Although contact lenses used for the correction of astigmatism have been around for some time, the costs to manufacture these lenses have not decreased over time. The cost has remained high due to the small number of lenses that are manufactured which is due, in part, to the many different number of lenses needed. For example, if toric lenses are rotationally configured for ballast variations of ten degrees, 36 different lenses may have to be manufactured to take into account the total number of lenses possible for each prescription. This is in contrast to one configuration needed for a non-toric lens. Further, since there are fewer astigmatic prescriptions than regular non-toric prescriptions, the number of toric lenses is even less than the 36-to-1 ratio disputed above.
The invention described herein provides a method of automatically manufacturing toric contact lenses which will greatly reduce the associated costs. By providing a precision, programmable, rotational alignment between the casting cups, toric lenses may be manufactured at similar speeds as non-toric lenses whereby a change in the toric prescription affords no down time of the manufacturing process. The automatic filling and closing machine obtains information about the toric lenses to be manufactured from the pallet containing the casting cups. After the information is communicated to the filling and closing machine, the programmable controller activates the filler and closer machine which then operates to manufacture a particular toric lens having a precise toric rotational alignment. Once a particular number of lenses are manufactured, the programmable controller will obtain new information from the next pallet tag and operate to rotate the casting cup assembly to a new rotational alignment thereby manufacturing toric lenses with a different toric rotational alignment. This process allows the manufacture of multiple toric lenses with different rotational alignments in the same or similar time it would take to make the same number of contact lenses with the same toric rotational alignment. Smaller batches of toric lenses can be manufactured in the same time it takes to manufacture a large batch of the same toric lenses.
It is an object of this invention to provide an apparatus that can accurately fill a molded casting cup with liquid monomer and reassemble the casting cup halves, i.e., front curve and base curve, under a precisely controlled motion while maintaining precision, programmable, rotational alignment between the casting cup halves.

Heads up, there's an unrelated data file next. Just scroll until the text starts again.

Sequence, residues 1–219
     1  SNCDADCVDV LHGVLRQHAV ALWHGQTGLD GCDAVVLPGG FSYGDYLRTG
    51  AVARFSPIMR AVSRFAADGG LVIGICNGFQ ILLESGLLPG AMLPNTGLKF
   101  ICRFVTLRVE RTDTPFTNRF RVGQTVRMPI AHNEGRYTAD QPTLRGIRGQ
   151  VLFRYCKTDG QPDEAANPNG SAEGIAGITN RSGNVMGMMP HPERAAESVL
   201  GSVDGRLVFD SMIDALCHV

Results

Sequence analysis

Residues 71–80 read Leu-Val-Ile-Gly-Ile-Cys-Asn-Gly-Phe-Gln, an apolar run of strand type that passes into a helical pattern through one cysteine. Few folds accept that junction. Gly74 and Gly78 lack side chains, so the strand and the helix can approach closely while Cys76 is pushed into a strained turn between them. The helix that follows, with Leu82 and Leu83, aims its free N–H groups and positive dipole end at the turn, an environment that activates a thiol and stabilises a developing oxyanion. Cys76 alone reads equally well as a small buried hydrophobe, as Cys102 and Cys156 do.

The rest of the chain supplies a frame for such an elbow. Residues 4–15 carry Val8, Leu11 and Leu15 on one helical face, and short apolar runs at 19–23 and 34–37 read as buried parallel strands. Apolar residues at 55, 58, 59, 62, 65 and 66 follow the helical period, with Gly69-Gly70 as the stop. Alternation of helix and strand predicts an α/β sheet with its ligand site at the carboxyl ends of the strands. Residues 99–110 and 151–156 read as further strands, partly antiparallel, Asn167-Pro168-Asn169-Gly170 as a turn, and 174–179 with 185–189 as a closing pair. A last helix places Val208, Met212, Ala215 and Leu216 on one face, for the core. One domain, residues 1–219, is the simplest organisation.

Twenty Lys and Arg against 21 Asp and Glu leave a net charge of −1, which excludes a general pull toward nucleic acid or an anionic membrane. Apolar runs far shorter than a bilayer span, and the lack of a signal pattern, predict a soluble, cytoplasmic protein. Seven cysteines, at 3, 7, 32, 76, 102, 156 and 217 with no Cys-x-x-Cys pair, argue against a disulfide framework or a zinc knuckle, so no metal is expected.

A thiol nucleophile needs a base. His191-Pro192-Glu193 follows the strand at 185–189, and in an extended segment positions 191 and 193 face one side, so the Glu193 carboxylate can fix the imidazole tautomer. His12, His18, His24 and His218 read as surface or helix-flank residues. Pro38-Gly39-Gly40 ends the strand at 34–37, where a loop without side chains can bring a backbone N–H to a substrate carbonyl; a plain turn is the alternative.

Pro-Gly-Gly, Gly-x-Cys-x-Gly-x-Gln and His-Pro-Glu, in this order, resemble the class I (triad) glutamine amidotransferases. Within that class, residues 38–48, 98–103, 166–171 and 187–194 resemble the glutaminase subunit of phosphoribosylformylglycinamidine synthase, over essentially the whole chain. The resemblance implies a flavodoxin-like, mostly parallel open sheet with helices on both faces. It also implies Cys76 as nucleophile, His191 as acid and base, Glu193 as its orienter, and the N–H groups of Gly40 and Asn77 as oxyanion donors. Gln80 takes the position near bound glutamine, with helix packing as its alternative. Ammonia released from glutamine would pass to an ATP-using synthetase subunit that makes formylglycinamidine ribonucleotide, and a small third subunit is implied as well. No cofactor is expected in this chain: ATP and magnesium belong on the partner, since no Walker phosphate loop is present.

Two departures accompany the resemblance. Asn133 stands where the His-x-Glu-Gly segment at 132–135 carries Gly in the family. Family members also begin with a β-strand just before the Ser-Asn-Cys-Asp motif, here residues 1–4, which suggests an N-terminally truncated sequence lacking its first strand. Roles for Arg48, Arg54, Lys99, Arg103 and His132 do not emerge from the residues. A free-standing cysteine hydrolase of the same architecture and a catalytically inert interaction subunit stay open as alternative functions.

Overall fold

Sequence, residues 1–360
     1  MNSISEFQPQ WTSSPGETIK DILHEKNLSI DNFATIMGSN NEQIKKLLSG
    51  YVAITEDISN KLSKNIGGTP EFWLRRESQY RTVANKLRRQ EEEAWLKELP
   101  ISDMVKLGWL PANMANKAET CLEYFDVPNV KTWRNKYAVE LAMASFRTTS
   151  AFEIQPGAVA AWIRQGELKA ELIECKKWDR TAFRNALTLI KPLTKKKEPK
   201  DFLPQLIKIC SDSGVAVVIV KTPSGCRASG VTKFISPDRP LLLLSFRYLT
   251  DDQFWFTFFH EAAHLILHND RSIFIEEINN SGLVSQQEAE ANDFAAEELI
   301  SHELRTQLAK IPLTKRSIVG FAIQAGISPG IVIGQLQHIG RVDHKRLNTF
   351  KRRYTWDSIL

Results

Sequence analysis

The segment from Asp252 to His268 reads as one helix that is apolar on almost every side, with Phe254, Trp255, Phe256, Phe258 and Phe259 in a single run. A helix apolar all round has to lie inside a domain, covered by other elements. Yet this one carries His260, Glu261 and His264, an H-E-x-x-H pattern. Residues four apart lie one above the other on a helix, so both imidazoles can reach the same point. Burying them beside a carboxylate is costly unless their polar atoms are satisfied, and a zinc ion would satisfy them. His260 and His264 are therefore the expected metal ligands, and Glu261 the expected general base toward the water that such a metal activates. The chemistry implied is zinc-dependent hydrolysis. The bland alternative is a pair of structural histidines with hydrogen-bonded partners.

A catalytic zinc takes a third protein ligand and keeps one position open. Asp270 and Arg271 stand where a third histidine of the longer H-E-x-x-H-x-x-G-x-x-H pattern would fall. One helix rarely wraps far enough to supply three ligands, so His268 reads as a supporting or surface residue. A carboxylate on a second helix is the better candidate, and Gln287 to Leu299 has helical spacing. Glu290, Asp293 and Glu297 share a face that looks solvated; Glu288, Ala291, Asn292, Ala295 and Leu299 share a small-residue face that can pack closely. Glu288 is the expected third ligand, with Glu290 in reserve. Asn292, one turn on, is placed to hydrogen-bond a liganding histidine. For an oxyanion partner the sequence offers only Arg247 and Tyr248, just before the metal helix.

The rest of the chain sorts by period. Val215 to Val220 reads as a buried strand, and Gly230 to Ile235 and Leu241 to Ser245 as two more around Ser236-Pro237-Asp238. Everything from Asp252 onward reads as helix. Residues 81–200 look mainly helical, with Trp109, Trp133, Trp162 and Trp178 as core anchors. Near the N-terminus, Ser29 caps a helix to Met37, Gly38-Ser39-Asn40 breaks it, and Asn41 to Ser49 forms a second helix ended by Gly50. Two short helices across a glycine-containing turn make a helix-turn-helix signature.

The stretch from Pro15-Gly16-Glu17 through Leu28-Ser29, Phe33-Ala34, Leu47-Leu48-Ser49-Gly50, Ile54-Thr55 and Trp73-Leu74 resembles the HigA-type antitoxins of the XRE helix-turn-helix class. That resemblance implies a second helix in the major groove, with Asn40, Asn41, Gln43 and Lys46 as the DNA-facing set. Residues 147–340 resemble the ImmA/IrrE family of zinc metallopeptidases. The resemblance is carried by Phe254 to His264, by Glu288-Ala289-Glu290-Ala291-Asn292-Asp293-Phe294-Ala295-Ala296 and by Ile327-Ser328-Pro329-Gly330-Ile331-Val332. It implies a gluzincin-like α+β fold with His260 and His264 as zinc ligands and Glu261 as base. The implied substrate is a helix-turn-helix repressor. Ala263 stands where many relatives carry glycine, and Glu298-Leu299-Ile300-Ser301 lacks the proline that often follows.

It is another object of this invention to provide a method of manufacturing astigmatic or toric contact lenses by filling one-half of a molded contact lens casting cup with liquid monomer, and, using a programmable precision filling and closing apparatus, programmed such that the other half of the casting cup assembly is rotatably aligned close to the other half thereby manufacturing a toric contact lens.
It is another object of this invention to provide a method of automatically changing the rotational alignment of the casting cup assembly whereby a new prescription toric lens may be manufactured with zero loss down time or changeover time.
It is another object of this invention to provide a fully-automated printing system to accurately print axis orientation feature on the front of the contact lens such printing thereby aiding in the proper fitting and stability of the toric contact lens on the wearer's eye.
It is another object of this invention to provide a method of automatically printing an accurate axis orientation feature on a toric lens by inserting a pallet containing toric contact lenses via a conveyor into the printing zone. Then using encoded information, the automatic printing apparatus applied the axis orientation mark to a silicone print pad, the location of the mark determined by the encoded information. Then, the contact lens is held in position so that the axis orientation feature or iris print can be applied. Finally, the casting cup is located for a video inspection, thereby verifying the location of the axis orientation feature on the casting cup.
These and other important features and advantages of the invention will become apparent when viewing the drawings and when described in the detailed embodiment of the invention below.
FIG. 1 illustrates a top view of the filling and closing machine in accordance with the present invention;
FIG. 2 illustrates a display portion of a programmable controller in accordance with the present invention;
FIG. 3 illustrates a side view of the filling and closing machine;
FIG. 4 illustrates a front view of the filling and closing machine accordance with the present invention;
FIG. 5 illustrates a top view of the printing machine in accordance with the present invention;